Crick (Raksa) figure from Hinges

We love Meredith McClaren! Not only is she a great friend, but also an amazing artist and wonderful PhxCC booth buddy(AA28 for 2013). Last year we asked Meredith do a Wasp design that would be the base for Jackies costume. This year we wanted to do something more focused on Meredith’s work, so we decided on making a figure from her comic Hinges. She has ton of interesting characters to chose from, but Crick (raksa) really caught my eye.
From a design standpoint, I liked the idea of taking an essentially 2D character and representing him in a 3D space.  Meredith had done such a great job of portraying that concept in the comic that I felt it would be a great first piece to do.

Lucky for us, Meredith had drawn him from several angles, so we had quite a bit to base our templates on

After Jackie came up with the templates I decided to use 1/4 inch plywood for the master copy. Raksa reminds me of those wooden dinosaurs that you built as a kid, plus the the grain of the wood and the way it chips would add an extra level of detail to the finished piece.
I used some fancy washers that I found at Ace hardware for his shoulder joints. I backfilled them with resin to add surface area for gluing. Jackie also used these to keep everything in proportion. Remember that when you use off the shelf parts in a build you need to scale everything else to that part.

To save on time, I decided to cast Crick in a simple open back box mold, which meant he would be assembled out of  seven  pieces. You might notice that after I traced all of the pieces on the board I drilled a ton of holes in it. Those are to make cutting it out easier. I tried to put a hole where ever there would be a tight turn with my coping saw. It helped save some time and avoid broken saw blades.

                                                                       Always label your “don’t cut” areas! It will save you from hours self inflicted frustration.

 Cutting, sanding, filing and shaping. This took an entire sunday afternoon, but it was going to make or break the figure. I ended up using a blade shaped mini file to shape out the mouth area, stripes and to get it symmetrical. It was very slow going but necessary.

The plywood that I got split and chipped everywhere. There were a lot of splinters, too many if you ask me.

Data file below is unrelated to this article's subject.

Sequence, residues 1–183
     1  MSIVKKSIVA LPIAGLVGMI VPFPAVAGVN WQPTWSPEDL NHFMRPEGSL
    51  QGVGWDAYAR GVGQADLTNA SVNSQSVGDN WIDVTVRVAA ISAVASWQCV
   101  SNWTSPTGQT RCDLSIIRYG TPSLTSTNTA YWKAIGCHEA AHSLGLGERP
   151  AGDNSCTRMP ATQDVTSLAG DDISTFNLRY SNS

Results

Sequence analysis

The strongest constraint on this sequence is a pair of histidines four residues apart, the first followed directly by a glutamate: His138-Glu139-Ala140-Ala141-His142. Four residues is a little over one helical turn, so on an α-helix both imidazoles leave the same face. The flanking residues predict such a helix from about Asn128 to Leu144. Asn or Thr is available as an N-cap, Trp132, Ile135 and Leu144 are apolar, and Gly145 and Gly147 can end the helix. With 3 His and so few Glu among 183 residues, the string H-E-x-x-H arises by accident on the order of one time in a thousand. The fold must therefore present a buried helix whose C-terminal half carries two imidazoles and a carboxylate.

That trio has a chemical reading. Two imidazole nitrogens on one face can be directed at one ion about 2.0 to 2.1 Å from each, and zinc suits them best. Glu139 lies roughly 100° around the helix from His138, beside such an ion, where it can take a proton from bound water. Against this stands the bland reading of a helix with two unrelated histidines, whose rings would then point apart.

Once all the sanding was finished it was time to get the pieces primed and ready for molding.
When I do an open back mold, I like to glue styrene to the back of my master pieces. That way when I am casting there is a spill shelf built right into the mold.
I also like to use scrap styrene and a low temp glue gun to build my mold boxes. I was pretty proud of my layout for these molds.
I got a bag of colored hot glue for free, but I love how it shows up in pics. I wonder how much more it is to buy than regular glue?

Smooth-On Mold Star 15 Slow has now become my silicone of choice. Its easy to mix, has a nice balance of flexibility and strength, Arizona Art Supply carries it, and it’s the same color as our logo. What’s not to love?

The molds came out beautifully, no air bubbles on the surface or major leakage! I was counting on the silicone to pick up every little detail of the wood. It will make the painting and weathering I do later much easier.

I didn’t take any pictures of the sanding process, but to get Raksa’s head to look like the comic I used my belt sander to file the middle part to a wedge, and then super glued the two outer pieces on. I also used the sander to give the smooth backside a grainy texture.

The first casting looked…ok. The tint I used in the resin worked great, but he was lacking something. Then I remembered that Jackie wanted to carve some extra face detail before I molded it. So after getting yelled at for rushing ahead, I got to redo the head mold. I had used up all my Mold Star 15, but I had some leftover Rebound 25 brush on silicone.

Not really the kind of mold Rebound 25 is designed for, but I made it work.

We also noticed that Crick was having a hard time staying on all fours. Any bumps to the table or gusts of air would knock him down. He also looked a little too 2D. For the second casting I glued styrene spacers between the legs and the body, and bent the body and tail a bit. To do the bending I removed body section from the mold before it had cured all the way and just flexed and held it. The end result was a piece that could stand on its own and had that 2.5D pop that was missing from the first casting. I used Rub’n’Buff for his joints, Krylon Matt topcoat, and several layers of watered down black acrylic paint to finish him off. This will be the way we assemble him from now on. Everyone we do will be slightly different, but I look at that as a bonus.

Over all I am really proud of the piece we were able to create. Hopefully we will have some for sale at con this year, so make sure to stop by. And if you are reading this close to the time it was published, you can help Meredith print the first run of Hinges by supporting her Kickstarter!

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